The sun has just barely gotten away from the mountains on the horizon as we drive in to Serengeti National Park. There is an aroma of rain in the air and a thin layer of fog hangs like a cobweb between shrubs and trees.
It’s cold day, so James and I sit in the open safari car. The seats in the vehicle are set like venue seats, each column raised a bit higher than the first, so everybody has an impeccable view.
We have the view surrounding us. Inverse Uganda – where we drove in a closed land cruiser with a rooftop that raises. During the time of game drive in the park, the roof is raised to offers a perfect view of the surrounding and the animals.
The simple rules of safari
“Indeed, obviously the animals can hop into the vehicle” our guide and driver, Mwima affirms, when we ask about how perilous to drive around the wilderness like this? “A window is a false feeling that all is well and good. In the event that the wild animal really needs to kill you, it can without much of a stretch break the glass”, he says with really a calm voice.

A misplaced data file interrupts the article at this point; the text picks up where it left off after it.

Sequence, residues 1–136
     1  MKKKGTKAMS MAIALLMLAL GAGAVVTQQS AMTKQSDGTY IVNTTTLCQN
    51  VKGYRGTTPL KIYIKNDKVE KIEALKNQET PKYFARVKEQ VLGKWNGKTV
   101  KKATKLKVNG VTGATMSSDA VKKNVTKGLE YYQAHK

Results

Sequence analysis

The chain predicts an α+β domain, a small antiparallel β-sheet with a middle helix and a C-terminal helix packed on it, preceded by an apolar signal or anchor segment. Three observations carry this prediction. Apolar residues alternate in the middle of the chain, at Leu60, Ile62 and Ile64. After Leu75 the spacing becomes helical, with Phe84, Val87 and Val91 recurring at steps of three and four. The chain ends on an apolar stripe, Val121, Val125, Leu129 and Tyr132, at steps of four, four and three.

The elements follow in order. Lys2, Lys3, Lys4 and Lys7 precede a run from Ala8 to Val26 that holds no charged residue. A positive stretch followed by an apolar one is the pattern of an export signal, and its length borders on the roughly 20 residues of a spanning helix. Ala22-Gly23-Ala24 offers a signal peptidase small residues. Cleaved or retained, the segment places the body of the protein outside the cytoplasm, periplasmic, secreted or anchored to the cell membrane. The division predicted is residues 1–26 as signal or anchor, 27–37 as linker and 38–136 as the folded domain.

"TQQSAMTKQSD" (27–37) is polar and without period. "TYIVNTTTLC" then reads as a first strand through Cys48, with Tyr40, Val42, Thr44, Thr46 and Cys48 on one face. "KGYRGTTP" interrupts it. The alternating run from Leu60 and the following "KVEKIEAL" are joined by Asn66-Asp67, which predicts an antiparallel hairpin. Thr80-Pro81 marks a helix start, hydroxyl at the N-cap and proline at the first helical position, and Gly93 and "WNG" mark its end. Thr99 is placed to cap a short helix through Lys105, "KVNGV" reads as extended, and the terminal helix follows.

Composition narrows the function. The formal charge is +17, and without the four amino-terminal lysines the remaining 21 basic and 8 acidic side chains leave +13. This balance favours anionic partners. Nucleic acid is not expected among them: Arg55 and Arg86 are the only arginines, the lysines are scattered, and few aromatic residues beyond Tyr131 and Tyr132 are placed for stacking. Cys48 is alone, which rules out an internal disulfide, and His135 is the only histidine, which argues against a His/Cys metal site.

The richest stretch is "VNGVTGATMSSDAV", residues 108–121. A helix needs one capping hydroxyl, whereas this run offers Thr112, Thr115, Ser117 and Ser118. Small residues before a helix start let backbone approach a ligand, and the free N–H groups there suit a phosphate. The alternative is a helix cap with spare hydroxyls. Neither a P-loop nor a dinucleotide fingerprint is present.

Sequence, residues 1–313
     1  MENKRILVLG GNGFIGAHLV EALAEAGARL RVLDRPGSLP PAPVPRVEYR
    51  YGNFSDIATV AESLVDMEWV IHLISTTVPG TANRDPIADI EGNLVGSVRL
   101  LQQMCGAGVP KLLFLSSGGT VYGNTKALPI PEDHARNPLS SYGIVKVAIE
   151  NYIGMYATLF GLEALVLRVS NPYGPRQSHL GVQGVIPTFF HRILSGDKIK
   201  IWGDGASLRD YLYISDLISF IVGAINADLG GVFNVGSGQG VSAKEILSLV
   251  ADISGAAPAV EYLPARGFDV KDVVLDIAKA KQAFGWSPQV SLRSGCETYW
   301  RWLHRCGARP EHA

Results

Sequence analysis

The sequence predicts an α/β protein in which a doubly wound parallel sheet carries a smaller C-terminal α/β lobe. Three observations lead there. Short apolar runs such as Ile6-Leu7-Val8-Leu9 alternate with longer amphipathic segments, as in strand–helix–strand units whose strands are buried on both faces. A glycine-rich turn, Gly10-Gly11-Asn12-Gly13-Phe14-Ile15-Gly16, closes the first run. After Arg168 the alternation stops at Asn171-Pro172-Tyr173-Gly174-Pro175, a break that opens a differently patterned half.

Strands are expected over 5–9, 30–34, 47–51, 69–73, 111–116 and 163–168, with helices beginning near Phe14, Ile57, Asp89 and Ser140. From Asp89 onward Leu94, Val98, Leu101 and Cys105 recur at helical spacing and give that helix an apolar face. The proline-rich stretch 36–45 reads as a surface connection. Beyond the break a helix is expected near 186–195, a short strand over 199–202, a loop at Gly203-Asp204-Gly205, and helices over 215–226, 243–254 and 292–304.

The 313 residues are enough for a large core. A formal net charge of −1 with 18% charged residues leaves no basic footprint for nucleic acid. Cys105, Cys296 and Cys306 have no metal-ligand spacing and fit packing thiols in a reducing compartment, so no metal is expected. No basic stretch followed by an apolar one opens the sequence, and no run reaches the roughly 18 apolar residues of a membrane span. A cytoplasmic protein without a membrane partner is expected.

Mwima is a masia by tribe, and he grown up in this national park, meaning he knows the animals extremely well, and clarify that it is about common sense, respect for animals and knowing when a circumstance will be dangerous or not. The animals will give you couple of unpretentious signs before attacking.
Nonetheless, the animals in Serengeti National Park are used to visitors, which is the thing that makes them so easy to see. They don’t feel threatened in the presence of tourists and predators don’t see tourists as prey. There is albeit, still guidelines we have to fallow: We should do what Mwima tells us; don’t in case we see an elephant; and keep all parts of our body inside the vehicle in the presence of animals.